Menigococcal meningitis is caused by bacteria called Neisseria meningitides that can infect the lining of the brain and spinal cord. There are a few different types or strains of Neisseria meningitides. In the US, types B, C and Y cause the majority of disease.

How is bacterial meningitis treated?

Treatment should be started immediately. Most people with meningitis are hospitalized and treated with antibiotics. Depending on the severity of the infection, other treatments may also be necessary.

Is bacterial meningitis contagious?

Bacterial meningitis is contagious, but generally is transmitted through direct exchange of respiratory and throat secretions by close personal contact, such as coughing, sharing drinks, kissing and being in close proximity for an extended period. Fortunately, none of the bacteria that cause meningitis are as contagious as the common cold or the flu, and they are not spread by casual contact or by simply breathing the air where a person with meningitis has been.

What are the symptoms?

Symptoms of bacterial meningitis could include high fever, headache, and stiff neck. Other symptoms may include nausea, vomiting, confusion, and sensitivity to light. Later in the illness, a rash that looks like purple blotches or spots on the arms, legs, and torso may appear.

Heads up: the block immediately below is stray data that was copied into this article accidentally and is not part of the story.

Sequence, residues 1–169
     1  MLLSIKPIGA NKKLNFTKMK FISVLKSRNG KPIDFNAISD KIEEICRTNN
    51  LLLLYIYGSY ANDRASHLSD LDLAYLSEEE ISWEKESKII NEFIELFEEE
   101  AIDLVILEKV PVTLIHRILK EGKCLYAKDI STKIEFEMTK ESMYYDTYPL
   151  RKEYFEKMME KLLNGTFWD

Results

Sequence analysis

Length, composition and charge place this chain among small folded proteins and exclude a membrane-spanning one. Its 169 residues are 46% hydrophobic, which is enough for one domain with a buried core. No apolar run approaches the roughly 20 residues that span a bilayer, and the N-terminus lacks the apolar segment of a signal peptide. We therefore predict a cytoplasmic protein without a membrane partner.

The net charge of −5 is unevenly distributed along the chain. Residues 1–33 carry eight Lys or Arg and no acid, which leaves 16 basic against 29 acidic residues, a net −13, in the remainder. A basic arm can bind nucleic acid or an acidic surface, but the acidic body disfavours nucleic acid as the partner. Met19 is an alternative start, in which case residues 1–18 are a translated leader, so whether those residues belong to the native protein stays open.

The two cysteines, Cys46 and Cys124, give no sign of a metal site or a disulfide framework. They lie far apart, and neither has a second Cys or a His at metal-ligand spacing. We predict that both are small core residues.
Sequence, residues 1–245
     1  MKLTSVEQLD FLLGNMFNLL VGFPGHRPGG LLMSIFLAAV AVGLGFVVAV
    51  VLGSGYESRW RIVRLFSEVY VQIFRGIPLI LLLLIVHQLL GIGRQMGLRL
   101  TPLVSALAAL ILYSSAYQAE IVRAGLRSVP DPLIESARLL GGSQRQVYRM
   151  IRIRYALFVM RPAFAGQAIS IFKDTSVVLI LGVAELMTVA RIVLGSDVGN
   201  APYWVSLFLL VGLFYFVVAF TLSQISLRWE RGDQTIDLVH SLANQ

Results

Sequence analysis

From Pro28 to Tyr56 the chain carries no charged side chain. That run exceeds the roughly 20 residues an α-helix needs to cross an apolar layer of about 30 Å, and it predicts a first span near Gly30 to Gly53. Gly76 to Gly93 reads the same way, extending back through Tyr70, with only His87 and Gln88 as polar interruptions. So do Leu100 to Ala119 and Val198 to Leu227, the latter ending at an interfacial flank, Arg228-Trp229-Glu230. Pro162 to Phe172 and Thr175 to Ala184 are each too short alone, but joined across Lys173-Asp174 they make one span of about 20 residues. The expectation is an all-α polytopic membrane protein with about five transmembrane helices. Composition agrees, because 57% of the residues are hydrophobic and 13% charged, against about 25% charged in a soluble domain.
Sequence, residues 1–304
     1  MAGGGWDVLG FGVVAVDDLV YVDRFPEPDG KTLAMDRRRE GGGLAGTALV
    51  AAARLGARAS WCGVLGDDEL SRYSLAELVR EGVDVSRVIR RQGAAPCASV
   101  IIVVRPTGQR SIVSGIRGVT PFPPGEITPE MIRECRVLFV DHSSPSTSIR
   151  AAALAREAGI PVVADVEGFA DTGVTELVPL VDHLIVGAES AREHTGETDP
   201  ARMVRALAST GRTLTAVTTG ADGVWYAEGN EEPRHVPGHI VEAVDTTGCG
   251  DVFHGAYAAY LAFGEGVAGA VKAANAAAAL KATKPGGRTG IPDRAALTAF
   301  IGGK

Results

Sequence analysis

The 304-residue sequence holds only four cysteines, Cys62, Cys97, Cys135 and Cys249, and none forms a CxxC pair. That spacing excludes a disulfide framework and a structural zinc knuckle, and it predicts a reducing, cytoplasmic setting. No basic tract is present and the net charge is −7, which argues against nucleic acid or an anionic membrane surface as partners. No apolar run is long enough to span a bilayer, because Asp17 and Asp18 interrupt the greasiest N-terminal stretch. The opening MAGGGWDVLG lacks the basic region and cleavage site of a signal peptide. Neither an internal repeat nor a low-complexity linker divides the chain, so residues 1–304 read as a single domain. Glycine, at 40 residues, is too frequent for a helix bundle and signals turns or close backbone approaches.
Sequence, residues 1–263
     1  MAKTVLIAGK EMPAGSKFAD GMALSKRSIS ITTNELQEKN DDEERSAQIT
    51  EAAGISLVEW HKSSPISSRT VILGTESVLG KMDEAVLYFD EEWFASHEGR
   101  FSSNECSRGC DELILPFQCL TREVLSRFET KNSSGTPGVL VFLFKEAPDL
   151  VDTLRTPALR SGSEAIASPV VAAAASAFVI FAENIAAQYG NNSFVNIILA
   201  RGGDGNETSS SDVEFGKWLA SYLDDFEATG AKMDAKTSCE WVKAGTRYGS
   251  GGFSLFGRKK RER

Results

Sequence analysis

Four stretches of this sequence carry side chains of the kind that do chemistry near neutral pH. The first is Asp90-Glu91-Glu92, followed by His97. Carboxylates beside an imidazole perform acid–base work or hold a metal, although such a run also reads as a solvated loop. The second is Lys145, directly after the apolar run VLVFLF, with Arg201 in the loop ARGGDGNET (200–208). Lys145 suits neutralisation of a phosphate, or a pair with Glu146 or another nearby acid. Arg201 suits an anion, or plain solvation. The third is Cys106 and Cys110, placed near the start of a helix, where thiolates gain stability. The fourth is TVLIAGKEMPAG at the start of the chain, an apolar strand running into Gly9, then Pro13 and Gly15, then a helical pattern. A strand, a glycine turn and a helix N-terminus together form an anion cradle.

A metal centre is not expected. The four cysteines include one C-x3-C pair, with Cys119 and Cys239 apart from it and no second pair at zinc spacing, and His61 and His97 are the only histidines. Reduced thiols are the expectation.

How long until symptoms begin to present themselves?

They can develop over several hours or may take a few days. The incubation period can be 3-4 days with a range of 2-10 days.

Can someone be a "carrier" without experiencing symptoms?

Five to 25 percent of people may carry the bacteria in their nose or throat without getting sick, while still being contagious to others. This carrier state may last for days or months before spontaneously disappearing. Most cases of meningitis are acquired through exposure to these asymptomatic carriers.

What should I do if I develop flu-like symptoms or think I've been exposed to meningitis?

Students, staff, or faculty experiencing high fever with or without headache, stiff neck and other symptoms of meningitis should be examined at Campus Health Services, their local physician, or the emergency room after hours.

How can transmission be prevented?

Do NOT share anything that comes in contact with the mouth, including:

  • water bottles
  • lip balm
  • toothbrushes
  • towels
  • drinking glasses
  • eating utensils
  • cosmetics
  • smoking materials
  • food or drink from common source (e.g., punch bowl)

Do not cough into another person's face. Cough into your sleeve or a tissue. Wash or sanitize hands frequently. Make sure your vaccinations are up to date.

Should I wear a mask to prevent exposure?

The Centers for Disease control does not recommend wearing a surgical mask to prevent exposure.